NIGHT SCHOOL BY LEE CHILD
For the 21st Jack Reacher novel, Lee Child has gone back two decades for a prequel featuring his hero as a serving major in the US Military Police, not yet the mysterious drifter and guardian angel of the rest of the bestselling series. All change? Not really – it’s a younger version of the same blank slate character, a tough, tall military man with a talent for street fighting (“he enjoyed it”), highly quotable dialogue and travelling light.
It might be a different world in which analysts are still adjusting to the post-cold War uncertainty, but it’s business as usual for Lee Child. Night School is a knockout thriller that’s as tense, smart and stylish as his best books. And Reacher is just as resourceful and lacking in any trace of self-pity.
Having been awarded a medal following the execution of a pair of Balkan warlords, Reacher discovers his next mission: a training course. In fact, being sent back to school is cover for a top-secret Presidential plan that involves security agencies working together to tackle the inchoate threat from Middle Eastern terrorists. Hindsight hangs heavy as Reacher refers, in the late ’90s, to “new-style bad guys from Yemen and Afghanistan”.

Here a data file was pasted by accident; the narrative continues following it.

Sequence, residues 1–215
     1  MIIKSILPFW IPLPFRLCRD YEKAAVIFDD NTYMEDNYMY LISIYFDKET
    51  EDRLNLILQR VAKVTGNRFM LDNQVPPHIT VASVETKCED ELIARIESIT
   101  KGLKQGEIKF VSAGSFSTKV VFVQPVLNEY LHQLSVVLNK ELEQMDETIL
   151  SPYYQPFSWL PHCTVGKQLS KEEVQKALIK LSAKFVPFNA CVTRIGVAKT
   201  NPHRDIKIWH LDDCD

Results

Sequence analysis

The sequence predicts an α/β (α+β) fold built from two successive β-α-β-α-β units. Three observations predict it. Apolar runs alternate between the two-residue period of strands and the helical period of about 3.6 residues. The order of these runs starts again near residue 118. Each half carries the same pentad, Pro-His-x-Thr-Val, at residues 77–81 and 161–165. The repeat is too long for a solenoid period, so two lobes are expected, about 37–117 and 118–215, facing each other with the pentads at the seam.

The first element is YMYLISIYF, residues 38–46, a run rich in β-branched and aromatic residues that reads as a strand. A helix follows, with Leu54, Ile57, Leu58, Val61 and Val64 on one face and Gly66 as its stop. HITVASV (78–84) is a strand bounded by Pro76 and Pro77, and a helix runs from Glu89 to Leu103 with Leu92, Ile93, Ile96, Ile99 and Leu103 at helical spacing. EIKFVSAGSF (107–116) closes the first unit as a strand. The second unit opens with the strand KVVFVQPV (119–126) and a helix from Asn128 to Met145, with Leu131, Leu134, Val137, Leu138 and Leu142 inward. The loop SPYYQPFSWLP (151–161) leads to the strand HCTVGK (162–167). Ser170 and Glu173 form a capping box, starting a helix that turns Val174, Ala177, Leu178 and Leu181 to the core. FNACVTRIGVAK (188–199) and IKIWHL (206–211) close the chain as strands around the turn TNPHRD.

Of course, Reacher relishes a challenge – early on he neutralises a gang of German skinheads. But he’s no macho dinosaur. Reacher’s happy to take orders from Dr Marian Sinclair, of the National Security Council, and he recruits female sergeant Frances Neagley, a familiar character from the books. The pair head to Hamburg on the hunt for an unidentified American setting up a $100 million deal with a terrorist cell in the city. Reacher and the team don’t know what secret weapon he’s selling, but it seems more of a pressing threat than the Millennium Bug.
Writing with a lean prose style, as well as a sense of history, Child has made an art form of the adrenaline-filled page-turner. Night School is an intricate study of uneasy cooperation between US and German authorities following decades of American military presence, which draws a bunch of neo-nazi goons into the plot. The procedural element is just as skilful, and the tense pursuit across the city involves several near misses.
While many thrillers can deflate with a tidy resolution, Child concludes with a stark moral question. Reassuringly, his hero remains something of a mystery – this isn’t an origins story that attempts to explain him. It turns out the 21st novel in the series is also the perfect place for new readers to meet Jack Reacher
“A knockout thriller as tense, smart and stylish as his best books”